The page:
WIT Press

Irrigation To Meet Growing Food Demand With Climate Change, Salinity And Water Trade


Free (open access)





Page Range

43 - 52




641 kb

Paper DOI



WIT Press


J. Connor, K. Schwabe & D. King


There is increasing demand for water due to rising world population and wealth. This, coupled with lower supplies of freshwater due to possible climate change, suggests further stress on an already over-allocated resource. Additionally, environmental concerns relating to low flow levels, and salinity may exacerbate the ability of irrigated agricultural regions to increase agricultural production. The objective of this research is to investigate the potential impacts of climate change induced water scarcity on irrigated agricultural productivity, water demand, and profitability. The extent to which output capacity is constrained by rising salinity levels and institutional regulating water trade are evaluated for a River Murray, Australia case study. Keywords: irrigated agriculture, salinity, climate change, water scarcity. 1 Introduction Recent trends in population growth, forecasting an average of nearly a billion more people every decade, suggest commensurate increases in food production will be required to meet future global demands. While the largest increases in food demand will occur in developing countries due to increases in both populations and daily calorie intake, the agricultural lands most capable of meeting these increases are likely to be located in developed countries, particularly the United States, with a sizeable increase in exports from Australia and Eastern Europe also likely (Anderson et al. [1]). Given that the productivity of irrigated land is nearly three times greater than that of rain-fed land, significant increases in food production will most likely be met by expansion and intensification of irrigation, which currently produces over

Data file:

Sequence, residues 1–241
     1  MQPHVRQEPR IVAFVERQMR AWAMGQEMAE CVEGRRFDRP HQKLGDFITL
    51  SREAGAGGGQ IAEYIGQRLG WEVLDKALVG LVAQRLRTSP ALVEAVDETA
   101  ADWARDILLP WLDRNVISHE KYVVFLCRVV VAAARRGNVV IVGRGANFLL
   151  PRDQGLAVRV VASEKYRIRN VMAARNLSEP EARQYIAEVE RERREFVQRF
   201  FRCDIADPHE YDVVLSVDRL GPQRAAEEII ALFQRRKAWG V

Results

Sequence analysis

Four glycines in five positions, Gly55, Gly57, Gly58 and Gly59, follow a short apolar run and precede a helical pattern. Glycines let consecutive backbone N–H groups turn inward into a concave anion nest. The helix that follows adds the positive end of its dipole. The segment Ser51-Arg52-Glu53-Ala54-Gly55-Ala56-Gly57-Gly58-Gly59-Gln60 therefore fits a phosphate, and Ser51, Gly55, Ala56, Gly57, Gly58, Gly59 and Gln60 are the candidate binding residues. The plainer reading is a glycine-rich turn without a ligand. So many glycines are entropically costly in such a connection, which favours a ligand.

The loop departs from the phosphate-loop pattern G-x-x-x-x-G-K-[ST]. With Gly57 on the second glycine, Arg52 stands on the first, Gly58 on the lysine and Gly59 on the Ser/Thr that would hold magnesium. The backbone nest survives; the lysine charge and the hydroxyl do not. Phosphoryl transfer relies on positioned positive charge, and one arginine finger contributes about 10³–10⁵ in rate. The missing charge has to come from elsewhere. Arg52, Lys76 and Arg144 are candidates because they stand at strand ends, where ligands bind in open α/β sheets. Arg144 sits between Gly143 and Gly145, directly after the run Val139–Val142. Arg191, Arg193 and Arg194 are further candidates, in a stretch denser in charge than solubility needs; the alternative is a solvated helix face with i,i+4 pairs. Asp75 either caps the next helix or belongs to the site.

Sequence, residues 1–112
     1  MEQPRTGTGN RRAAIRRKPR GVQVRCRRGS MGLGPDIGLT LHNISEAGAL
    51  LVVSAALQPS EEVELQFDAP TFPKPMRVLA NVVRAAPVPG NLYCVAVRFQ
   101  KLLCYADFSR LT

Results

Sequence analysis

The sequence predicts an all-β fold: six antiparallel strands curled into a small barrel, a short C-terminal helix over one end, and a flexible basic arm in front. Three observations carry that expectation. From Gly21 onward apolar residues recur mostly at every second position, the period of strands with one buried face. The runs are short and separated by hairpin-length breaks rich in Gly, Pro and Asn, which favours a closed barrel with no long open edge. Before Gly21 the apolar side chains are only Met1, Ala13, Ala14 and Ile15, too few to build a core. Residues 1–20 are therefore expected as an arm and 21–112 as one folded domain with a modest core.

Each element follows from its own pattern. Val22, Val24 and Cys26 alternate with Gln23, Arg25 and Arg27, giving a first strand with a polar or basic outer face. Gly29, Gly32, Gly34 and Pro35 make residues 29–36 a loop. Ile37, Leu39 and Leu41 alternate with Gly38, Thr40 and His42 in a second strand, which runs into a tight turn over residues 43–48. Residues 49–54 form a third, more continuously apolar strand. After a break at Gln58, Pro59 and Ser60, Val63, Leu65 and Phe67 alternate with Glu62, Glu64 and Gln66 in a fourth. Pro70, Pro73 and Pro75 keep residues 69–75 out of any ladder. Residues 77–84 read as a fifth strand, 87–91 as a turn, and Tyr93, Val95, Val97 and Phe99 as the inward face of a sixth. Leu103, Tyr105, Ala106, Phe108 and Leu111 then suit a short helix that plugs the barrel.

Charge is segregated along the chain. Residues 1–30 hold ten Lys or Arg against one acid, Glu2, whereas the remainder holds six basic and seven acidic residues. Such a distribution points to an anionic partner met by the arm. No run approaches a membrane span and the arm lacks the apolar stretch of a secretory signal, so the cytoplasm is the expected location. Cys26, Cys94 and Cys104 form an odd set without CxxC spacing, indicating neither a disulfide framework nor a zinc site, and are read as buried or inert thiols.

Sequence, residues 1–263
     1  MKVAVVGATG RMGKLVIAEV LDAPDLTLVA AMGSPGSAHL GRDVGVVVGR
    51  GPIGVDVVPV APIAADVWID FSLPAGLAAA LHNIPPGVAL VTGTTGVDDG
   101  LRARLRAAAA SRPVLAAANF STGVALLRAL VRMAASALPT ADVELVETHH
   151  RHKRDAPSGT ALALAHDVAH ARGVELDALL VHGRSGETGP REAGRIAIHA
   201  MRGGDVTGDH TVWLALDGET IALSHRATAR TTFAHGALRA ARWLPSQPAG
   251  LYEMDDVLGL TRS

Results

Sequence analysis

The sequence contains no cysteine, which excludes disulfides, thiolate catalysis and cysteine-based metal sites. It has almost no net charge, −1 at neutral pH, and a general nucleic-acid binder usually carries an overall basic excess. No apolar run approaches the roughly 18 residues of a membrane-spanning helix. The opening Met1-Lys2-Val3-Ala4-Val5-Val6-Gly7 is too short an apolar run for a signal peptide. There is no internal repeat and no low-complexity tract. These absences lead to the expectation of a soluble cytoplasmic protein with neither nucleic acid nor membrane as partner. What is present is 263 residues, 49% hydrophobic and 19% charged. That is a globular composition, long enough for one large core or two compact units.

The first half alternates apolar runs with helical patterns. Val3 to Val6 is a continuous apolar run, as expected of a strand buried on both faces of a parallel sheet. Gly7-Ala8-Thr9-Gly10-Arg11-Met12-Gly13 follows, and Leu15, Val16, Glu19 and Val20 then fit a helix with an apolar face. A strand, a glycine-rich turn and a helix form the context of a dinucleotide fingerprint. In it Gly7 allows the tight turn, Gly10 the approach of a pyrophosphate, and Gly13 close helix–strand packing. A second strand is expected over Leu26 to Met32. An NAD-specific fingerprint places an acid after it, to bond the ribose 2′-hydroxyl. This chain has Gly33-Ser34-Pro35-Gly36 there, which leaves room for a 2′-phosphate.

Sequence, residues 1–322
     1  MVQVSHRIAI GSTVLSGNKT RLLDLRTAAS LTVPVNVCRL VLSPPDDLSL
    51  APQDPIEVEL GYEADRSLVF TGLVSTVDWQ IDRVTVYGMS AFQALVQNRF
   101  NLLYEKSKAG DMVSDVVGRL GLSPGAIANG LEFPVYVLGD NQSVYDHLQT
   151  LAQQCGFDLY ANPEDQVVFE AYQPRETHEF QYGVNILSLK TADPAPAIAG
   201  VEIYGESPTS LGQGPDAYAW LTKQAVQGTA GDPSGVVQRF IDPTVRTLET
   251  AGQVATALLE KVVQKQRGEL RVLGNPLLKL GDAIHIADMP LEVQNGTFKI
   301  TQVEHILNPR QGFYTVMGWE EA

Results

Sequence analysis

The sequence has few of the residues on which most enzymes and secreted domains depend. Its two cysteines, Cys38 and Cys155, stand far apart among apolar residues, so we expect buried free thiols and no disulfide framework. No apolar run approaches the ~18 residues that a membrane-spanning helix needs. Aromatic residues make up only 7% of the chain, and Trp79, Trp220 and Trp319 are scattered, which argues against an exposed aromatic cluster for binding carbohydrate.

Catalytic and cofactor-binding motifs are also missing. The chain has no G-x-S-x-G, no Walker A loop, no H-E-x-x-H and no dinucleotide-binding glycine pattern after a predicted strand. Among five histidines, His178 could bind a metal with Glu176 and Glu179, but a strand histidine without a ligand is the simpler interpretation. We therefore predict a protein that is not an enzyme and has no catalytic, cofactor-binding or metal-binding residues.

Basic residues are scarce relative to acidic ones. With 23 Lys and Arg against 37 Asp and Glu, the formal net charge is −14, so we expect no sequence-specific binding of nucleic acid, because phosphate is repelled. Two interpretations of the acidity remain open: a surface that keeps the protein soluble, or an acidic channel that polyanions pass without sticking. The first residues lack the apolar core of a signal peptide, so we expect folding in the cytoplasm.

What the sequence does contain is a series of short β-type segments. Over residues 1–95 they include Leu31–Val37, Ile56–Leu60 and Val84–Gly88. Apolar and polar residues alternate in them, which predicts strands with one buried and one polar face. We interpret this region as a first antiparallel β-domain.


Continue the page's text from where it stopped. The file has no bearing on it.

irrigated agriculture, salinity, climate change, water scarcity.